Another problem in mineral fiberization is that the veils have a tendency to collapse or neck down to a smaller diameter. This causes greater fiber entanglement and presents problems in evenly distributing the fibers into a thermally efficient insulation product. An improved system is needed to prevent the veils from collapsing.

One means for providing veil stabilization is the use of a cone attached to the spinner bottom wall. Another attempt in the past to stabilize the veil is the use of air introduced via a small conduit threaded down through the hollow quill of the spinner. These efforts to stabilize veils of mineral fibers have been only partially successful. An improved method for stabilizing the veil is needed.

SUMMARY OF THE INVENTION

There has now been invented a method and apparatus for stabilizing the veil which employs the use of massive quantities of air being drawn through or blown through a central bore in the spinner bottom wall of a mineral fiberizer. These massive quantities of air provide veil stabilization in a manner which greatly improves the mineral fiberization process. The veil stabilization enables the use of spinners of larger and larger diameters, while maintaining excellent veil distribution qualities.

According to this invention, there is provided a spinner for centrifuging molten mineral material into mineral fibers comprising a spinner peripheral wall mounted for rotation, the peripheral wall having a plurality of orifices for passing molten mineral material to form mineral fibers, an annular spinner bottom wall having an inner and outer periphery, the inner periphery defining an open bore, the bottom wall being connected at its outer periphery to the peripheral wall and adapted to receive a stream of molten mineral material and direct the molten mineral material by centrifugal force to the peripheral wall, a central hub, and spoke members connecting the hub and the bottom wall to enable rotational force to be transferred from the hub to the peripheral wall, the spoke members enabling a substantial flow of air downwardly through the bore.

Operation of the invention has been found not only to stabilize the veil, but also to expand the veil and keep it from necking down or collapsing. Further, because the veil does not collapse, fiber distribution within the insulation product is improved, resulting in a better insulation pack structure and improved thermal performance. Also, the introduction of such a large bore in the spinner bottom wall significantly reduces the weight of the spinner, thereby facilitating the ease of handling of the spinners. In addition, the significantly large flow of air introduced into the center of the veil tends to cool the veil to a greater extent than prior art processes. This increased veil cooling helps prevent binder vaporization during the binder application process.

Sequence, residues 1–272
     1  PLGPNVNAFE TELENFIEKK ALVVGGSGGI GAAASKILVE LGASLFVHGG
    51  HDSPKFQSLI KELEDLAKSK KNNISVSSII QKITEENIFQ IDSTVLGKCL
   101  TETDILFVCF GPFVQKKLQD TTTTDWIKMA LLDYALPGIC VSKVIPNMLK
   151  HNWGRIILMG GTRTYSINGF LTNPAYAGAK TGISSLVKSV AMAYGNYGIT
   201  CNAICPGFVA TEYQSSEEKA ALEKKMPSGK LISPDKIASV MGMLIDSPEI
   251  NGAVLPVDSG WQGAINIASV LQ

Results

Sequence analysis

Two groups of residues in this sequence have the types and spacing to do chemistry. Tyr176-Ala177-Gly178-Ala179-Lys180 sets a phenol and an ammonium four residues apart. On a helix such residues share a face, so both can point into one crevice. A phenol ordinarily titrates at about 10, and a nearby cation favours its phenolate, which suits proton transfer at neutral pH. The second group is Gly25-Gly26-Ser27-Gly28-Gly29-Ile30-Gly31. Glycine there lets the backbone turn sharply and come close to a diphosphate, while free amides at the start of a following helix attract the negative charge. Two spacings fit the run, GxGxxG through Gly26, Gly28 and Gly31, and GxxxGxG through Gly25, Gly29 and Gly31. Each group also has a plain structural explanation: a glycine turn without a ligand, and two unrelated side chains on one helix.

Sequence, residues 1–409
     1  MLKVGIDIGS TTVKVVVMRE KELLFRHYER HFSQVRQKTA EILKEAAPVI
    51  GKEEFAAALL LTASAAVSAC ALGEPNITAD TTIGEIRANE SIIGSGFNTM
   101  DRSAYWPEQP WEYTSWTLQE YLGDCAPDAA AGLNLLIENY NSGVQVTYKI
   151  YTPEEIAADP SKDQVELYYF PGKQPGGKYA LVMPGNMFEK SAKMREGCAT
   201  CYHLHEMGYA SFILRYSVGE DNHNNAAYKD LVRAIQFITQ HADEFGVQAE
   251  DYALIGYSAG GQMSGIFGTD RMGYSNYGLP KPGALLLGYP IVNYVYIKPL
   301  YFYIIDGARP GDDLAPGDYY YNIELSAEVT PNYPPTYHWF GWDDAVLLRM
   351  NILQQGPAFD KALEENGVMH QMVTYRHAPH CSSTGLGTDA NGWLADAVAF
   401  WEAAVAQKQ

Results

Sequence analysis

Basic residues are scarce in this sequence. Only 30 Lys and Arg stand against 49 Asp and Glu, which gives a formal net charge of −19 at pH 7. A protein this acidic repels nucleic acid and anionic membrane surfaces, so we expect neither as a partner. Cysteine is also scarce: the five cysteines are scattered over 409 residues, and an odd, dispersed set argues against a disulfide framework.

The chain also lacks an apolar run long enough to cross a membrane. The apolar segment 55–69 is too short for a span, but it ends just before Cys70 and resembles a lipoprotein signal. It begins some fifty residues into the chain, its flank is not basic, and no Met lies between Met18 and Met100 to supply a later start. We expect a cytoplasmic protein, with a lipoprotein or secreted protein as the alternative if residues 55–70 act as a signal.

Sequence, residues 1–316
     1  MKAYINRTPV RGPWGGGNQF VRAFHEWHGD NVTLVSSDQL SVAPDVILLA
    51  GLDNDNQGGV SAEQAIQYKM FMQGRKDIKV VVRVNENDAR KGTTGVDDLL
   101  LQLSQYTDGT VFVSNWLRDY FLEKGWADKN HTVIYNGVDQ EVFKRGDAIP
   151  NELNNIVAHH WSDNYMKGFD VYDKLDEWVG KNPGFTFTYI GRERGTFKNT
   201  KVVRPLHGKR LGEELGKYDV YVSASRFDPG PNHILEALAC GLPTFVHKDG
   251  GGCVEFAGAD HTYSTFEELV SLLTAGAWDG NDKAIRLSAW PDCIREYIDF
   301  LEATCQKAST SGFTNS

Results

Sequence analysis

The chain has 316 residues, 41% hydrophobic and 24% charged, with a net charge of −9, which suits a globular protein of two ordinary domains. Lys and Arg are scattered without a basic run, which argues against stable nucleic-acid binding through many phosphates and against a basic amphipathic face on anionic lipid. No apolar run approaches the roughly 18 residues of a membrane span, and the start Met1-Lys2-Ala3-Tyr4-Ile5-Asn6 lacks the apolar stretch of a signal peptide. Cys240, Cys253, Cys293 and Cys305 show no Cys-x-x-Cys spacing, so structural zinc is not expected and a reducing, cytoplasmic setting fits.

In a specific embodiment of the invention, the bore has a radius of at least 60% of the radius of the peripheral wall. Preferably, the bore has a radius of at least 75% of the radius of the peripheral wall.

In another specific embodiment of the invention, the spoke members are adapted with an angular surface to impel air downwardly through the bore when the spinner is rotated.

In yet another specific embodiment of the invention, the spinner has vanes which are juxtaposed between spoke members, the vanes being adapted with an angular surface to impel air downwardly through the bore when the spinner is rotated.

According to this invention, there is also provided a fiberizer for making mineral fibers comprising a spinner for centrifuging molten mineral material into mineral fibers, the spinner having a spinner peripheral wall mounted for rotation, the peripheral wall having a plurality of orifices for passing molten mineral material to form mineral fibers, an annular spinner bottom wall having an inner and outer periphery, the inner periphery defining an open bore, the bottom wall being connected at its outer periphery to the peripheral wall and adapted to receive a stream of molten mineral material and direct the molten mineral material by centrifugal force to the peripheral wall, a central hub, and spoke members connecting the hub and the bottom wall to enable rotational force to be transferred from the hub to the peripheral wall, the spoke members enabling a substantial flow of air downwardly through the bore, a burner for heating the mineral material, means for rotating the spinner, a blower for turning the mineral fibers downward, and an air supply passageway positioned above the spinner and adapted to supply a flow of air to the bore.

In a specific embodiment of the invention, the spinner bottom wall, the burner, the blower and the passageway are adapted to enable an air flow through the bore within the range of from about 200 to about 1,000 scfm.

In a preferred embodiment of the invention, the air flow through the bore is within the range of from about 400 to about 800 scfm.